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Unobtrusive vehicle motion prediction cues reduced simulator sickness during passive travel in a driving simulator

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This study investigated cues that permit prediction of turns during passive movement through a virtual environment. Effects on simulator sickness (SS), presence and enjoyment were examined. Subjects were exposed to complex visual motion through a cartoon-like simulated environment in a driving simulator. Forward velocity remained constant and the motion path was the same across all experimental conditions. Using a within-subject design, we examined visual paths that provided different levels of cue salience – detailed, simplified and no cues – for the upcoming simulated vehicle motion. Following each trial, participants completed questionnaires on SS, presence and enjoyment. After all of the trials were completed, a debriefing determined participants' perceptions of vehicle motion attributes and their awareness of the prediction cues. The results showed that SS in the no-cue condition was significantly greater than that in the conditions that provided vehicle motion cues. Presence and enjoyment responses were not different across the conditions. No participants reported differences between prediction cue conditions or recognized that the vehicle motion followed the same path across trials. However, participants tended to report that the motion was smoother for the detailed-cue than the no-cue condition. Participants ranked turn predictability as higher in conditions with prediction cues. The results support the hypothesis that unobtrusive and unreported motion cues may alleviate SS in a virtual environment.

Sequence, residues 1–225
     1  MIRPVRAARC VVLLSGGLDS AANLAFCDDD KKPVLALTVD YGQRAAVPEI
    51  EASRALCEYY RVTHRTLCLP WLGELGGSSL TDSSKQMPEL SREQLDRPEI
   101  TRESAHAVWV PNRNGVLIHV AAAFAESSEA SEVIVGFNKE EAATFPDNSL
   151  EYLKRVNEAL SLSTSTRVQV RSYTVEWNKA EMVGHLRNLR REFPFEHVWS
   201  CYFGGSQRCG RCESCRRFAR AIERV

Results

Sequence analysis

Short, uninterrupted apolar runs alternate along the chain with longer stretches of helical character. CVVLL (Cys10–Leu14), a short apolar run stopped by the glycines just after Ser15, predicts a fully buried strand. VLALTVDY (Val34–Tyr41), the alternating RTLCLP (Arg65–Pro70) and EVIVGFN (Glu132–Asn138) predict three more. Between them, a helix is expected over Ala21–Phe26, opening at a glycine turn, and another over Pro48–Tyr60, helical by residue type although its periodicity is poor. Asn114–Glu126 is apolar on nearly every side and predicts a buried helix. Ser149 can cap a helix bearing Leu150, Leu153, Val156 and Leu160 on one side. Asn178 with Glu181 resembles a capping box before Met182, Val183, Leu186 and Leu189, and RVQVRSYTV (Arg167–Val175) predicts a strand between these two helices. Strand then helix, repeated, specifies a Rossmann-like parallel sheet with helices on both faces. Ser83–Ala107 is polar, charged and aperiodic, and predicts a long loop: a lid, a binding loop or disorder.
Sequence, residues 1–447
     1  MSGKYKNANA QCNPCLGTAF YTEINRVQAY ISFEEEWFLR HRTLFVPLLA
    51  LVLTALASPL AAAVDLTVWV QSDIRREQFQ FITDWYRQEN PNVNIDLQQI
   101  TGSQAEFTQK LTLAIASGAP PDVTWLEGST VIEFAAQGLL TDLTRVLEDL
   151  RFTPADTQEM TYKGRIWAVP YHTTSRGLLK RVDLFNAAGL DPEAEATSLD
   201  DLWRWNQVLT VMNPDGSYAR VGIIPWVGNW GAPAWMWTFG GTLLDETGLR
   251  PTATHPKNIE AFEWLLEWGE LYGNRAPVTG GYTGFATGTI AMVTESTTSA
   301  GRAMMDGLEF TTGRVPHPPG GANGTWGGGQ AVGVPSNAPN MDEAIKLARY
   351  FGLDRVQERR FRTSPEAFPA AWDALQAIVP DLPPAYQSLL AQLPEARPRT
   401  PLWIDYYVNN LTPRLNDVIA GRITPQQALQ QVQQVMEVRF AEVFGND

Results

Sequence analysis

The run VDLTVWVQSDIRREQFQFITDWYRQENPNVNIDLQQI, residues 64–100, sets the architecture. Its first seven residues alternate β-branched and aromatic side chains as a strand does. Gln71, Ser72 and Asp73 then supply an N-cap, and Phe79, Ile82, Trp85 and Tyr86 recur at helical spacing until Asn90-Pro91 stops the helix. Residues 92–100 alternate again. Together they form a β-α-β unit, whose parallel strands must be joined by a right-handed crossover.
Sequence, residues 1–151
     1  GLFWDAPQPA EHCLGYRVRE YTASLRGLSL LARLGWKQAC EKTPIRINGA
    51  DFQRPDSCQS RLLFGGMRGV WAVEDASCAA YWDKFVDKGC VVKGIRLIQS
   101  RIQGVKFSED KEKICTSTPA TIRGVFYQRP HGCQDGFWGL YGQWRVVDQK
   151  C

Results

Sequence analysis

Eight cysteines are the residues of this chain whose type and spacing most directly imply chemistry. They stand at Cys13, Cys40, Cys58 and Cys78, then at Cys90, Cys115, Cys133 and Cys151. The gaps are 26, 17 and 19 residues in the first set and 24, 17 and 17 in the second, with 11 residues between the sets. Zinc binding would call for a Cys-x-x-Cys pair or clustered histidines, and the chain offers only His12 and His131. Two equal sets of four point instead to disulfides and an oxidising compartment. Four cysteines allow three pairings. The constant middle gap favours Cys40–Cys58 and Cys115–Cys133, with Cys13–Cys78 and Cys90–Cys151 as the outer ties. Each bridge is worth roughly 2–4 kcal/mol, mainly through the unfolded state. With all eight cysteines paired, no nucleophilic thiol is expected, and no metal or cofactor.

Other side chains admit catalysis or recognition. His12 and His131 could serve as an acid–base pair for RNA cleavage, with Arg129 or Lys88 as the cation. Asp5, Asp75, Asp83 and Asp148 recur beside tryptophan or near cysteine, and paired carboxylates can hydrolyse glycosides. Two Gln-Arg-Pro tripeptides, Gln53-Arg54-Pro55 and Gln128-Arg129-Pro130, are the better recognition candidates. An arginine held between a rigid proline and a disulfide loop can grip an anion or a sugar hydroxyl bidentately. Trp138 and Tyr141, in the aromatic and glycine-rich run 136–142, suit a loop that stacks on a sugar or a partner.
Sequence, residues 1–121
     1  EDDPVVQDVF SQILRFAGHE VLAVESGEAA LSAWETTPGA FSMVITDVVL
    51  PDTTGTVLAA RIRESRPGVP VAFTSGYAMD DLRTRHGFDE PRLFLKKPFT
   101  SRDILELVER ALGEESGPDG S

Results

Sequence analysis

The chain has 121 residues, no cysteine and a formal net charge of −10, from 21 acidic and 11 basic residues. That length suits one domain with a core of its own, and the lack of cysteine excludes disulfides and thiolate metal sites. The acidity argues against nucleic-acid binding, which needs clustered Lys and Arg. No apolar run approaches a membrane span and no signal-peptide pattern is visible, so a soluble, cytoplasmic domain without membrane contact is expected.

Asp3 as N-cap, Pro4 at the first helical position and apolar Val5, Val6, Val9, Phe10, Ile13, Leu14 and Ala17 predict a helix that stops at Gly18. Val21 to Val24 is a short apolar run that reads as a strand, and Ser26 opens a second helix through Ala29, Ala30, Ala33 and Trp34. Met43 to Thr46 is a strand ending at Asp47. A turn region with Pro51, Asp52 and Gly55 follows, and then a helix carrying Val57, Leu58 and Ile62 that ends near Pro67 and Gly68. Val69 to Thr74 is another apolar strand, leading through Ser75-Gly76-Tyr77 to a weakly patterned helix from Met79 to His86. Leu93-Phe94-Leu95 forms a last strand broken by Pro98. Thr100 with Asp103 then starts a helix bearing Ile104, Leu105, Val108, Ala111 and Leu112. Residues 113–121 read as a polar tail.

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Keywords: Interactivity; Prediction cues; Simulator sickness; Virtual environment

Document Type: Research Article

Affiliations: 1: Human Interface Technology Laboratory, University of Washington, Seattle, WA, USA 2: Department of Otolaryngology, University of Washington, Seattle, WA, USA

Publication date: May 15, 2005

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